This is the culmination of a lot of hard work and fundraising by all concerned. The group itself was only formed in 2009 and many of our projects are still ongoing. Considering we only received planning permission for the new War Memorial on I feel that the success of todays event shows the level of commitment and dedication within the group plus their willingness for sheer hard work.

Special thanks must go to local resident Mr Alan Jennison of Hemswell Surfacing Ltd., who donated materials and his services used in the formation of the memorial area. Anyone seeing the result will agree he did a fabulous job. Also to Mr Paul Hubbard of Barningham Memorials, Scunthorpe for his favourable rates and excellent service. The stone itself was donated by Mr Nick Harland of Walcot with all other works from planning to the unveiling being undertaken by Burton Stather Heritage Group.

We would like to thank all those who took part to make it a day to remember. They were, Rev. Ian Coates, children of Burton Stather Primary School who laid crosses, sang and behaved beautifully, our own Burton Stather Heritage Girls for their poem, Geoffrey Robinson MBE, Mr Andrew Percy MP, Captain Ken Smith RLC, group member Mr Glyn Morgan who donated his services and excellent PA system and not least Mr Herbert Such our lone bagpipe player.

A lovely buffet lunch was held The Ferry House Inn, Burton Stather kindly arranged and partly donated by Vicky Jolly of the Riverside Restaurant where much chatting and reminiscing took place.

I am proud to be associated with, and a member of, Burton Stather Heritage Group.

Pete Day
Burton Stather Heritage Group

I felt that I could not let the occasion of yesterday pass without saying a word of congratulation to the Heritage Group.

The planning and work involved in setting the Memorial on the Paddock must have been tremendous, and the cost quite considerable. The culmination yesterday of the unveiling and dedication of the Memorial, was I am certain very rewarding to your group. The support indicated by the attendance demonstrated the approval of the village.

The ceremony itself was well planned and was most impressive, I was honoured to be present and take part.

The Memorial now stands very proudly in a prominent place in the village and I know it will serve to remind people of the supreme sacrifice made by those named on it. Please pass on my congratulations to the members of the group and I wish them well in any future plans they may have.

Geoff Robinson MBE
WWII RAF Vereran

BSHG move to get the original Tank Ramp path re-opened

As I'm sure many will recall, a few years ago there was a public footpath which ran north along the river bank from The Ferry House pub to just about the place where the Tank ramp now is. It then went North East up the hillside to meet the path at the top of the hill. Following the construction and subsequent abandoning of the Tank Ramp in 1948, the path extended all the way to the Tank Ramp. The path up the hill seems to have been abandoned at this time, having become overgrown during the period of military occupation. The riverside path however remained in regular use up until about 1986. At this time the path appears to have been blocked off as the stile which stood on the flood bank at the rear of the (now derelict) cottage was removed and a fence put in place, thus effectively closing this once well trodden walk.

The Tank Ramp Footpath
The Tank Ramp Footpath in busier times.
Click for more.

Following many months research, BSHG believe the act of closing this path to be illegal and have recently given instruction to North Lincolnshire Council to begin proceedings to get the path opened once again. This will also include the original path to the top of the hill, not walked since 1943.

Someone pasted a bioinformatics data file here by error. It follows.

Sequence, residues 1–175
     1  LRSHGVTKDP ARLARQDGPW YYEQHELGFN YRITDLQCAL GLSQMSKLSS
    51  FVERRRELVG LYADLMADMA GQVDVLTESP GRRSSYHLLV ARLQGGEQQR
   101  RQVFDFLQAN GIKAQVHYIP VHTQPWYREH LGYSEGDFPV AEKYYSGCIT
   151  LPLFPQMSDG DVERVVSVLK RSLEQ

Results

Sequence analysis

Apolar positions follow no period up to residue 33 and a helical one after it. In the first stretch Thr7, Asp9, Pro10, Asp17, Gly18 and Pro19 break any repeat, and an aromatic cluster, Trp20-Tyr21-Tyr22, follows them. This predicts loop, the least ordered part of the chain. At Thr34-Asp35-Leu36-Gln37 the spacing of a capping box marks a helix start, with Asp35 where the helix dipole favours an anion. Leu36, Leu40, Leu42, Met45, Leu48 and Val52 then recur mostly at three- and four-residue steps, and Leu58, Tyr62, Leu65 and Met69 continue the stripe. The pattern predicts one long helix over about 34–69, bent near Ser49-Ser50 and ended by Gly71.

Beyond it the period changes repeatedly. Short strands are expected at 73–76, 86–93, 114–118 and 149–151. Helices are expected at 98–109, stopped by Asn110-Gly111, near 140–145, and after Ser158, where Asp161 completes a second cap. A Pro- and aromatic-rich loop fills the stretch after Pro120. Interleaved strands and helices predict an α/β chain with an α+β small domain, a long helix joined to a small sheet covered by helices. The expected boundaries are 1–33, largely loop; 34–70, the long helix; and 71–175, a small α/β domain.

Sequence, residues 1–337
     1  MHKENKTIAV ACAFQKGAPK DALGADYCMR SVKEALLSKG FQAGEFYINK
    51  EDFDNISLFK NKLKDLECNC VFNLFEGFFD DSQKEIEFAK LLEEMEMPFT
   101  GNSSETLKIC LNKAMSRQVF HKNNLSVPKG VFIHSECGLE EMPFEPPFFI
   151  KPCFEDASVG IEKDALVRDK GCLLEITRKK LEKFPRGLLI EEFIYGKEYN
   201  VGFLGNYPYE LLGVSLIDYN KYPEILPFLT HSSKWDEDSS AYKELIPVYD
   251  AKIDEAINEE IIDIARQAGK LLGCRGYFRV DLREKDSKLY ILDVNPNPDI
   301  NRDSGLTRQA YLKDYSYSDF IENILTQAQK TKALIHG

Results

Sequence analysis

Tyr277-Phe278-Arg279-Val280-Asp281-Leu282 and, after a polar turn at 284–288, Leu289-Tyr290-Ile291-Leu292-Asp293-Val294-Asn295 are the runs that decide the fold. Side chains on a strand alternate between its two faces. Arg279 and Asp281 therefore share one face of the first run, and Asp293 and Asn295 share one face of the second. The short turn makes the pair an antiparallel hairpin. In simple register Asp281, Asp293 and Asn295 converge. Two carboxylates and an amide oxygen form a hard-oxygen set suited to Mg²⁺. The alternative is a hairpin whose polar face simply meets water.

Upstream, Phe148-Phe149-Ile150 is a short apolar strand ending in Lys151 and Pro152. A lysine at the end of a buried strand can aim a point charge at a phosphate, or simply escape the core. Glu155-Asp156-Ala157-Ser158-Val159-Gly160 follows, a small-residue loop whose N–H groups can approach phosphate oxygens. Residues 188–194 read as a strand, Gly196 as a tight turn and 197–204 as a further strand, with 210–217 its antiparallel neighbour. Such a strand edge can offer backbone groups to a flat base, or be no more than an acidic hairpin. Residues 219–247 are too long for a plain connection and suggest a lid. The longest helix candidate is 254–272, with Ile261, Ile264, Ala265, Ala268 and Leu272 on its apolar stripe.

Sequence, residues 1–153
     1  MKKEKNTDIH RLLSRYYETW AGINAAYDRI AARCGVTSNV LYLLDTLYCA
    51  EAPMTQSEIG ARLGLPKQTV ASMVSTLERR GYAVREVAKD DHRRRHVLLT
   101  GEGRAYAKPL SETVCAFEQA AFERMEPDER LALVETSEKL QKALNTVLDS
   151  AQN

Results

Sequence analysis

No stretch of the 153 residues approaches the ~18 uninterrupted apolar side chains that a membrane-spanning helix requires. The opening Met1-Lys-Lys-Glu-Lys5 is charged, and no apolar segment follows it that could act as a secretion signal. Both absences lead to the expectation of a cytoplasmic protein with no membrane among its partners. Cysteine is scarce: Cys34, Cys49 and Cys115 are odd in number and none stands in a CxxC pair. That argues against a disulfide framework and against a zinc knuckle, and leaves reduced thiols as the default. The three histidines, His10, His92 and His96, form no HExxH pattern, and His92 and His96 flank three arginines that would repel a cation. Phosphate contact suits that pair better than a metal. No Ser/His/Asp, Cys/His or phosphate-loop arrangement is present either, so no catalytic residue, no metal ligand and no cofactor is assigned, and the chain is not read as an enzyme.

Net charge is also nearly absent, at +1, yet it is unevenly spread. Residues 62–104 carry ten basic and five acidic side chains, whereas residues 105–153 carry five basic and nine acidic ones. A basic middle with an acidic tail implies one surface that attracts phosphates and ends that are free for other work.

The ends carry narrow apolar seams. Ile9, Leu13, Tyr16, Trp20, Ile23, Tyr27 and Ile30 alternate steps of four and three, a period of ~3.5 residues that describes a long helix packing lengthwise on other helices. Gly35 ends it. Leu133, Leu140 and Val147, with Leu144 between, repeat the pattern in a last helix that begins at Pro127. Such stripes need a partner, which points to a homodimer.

By re-opening this footpath it will not only be rediscovering one of our area's most scenic walks, it will give good level access to disabled or anyone less able at waking to visit one of our prized military monuments, the Tank Ramp.

Have you walked this path in the past and would like to help get it re-opened?

Please download, print and fill in this Evidence Form.
Completed forms can be posted to our chairperson or handed in at The Ferry House.

Footpath Update

Challenge to re-open the Villa Farm footpath takes another step forward

On the Burton Upon Stather Parish Council held a Special Meeting to consider our request to support the application to North Lincolnshire Council to re-open the footpath known locally as the Villa Farm Footpath. Information was provided by the Definitive Map Officer at North Lincolnshire Council, representatives of Burton Stather Heritage Group, Normanby Estates Company Limited and the owners of Villa Farm. A vote was taken. Eight councillors voted to support the application with one abstention. Four councillors recorded a declaration of interest and did not vote. Two councillors did not attend. North Lincolnshire Council has been officially notified of the decision.

This is great news for us to know that we have such great support through the village for this cause and we, the Burton upon Stather Heritage Group, would like thank the Burton Upon Stather parish council for their help and support.

The challenge is gathering momentum day by day but we still need to hear from you if you remember walking this old footpath. Please call us on 07799412391 or download an evidence form here.

I am an active Volunteer and walk leader (designate) of the Walking for Health Group. We are based at Normanby Park and are sponsored by NLC, Macmillan Group and Ramblers Association. We do not at present use this path, because of the limitations imposed by its closure. The reinstatement of the right of way would provide a great alternative. The Health of local Residents is of paramount importance and this round trip would provide a valuable addition to our programme.

The uphill element of the route would be a great cardio vascular exercise and would be invaluable for folks recovering, or trying to avoid, heart problems. Walking is an essential aid to the well-being of the Community and every effort must be made to reinstate this footpath. A great deal of effort and finances are spent by the various authorities in maintaining the Health and wellbeing of the Community and the intransigence of one party should not be allowed to spoil the leisure and health of the majority.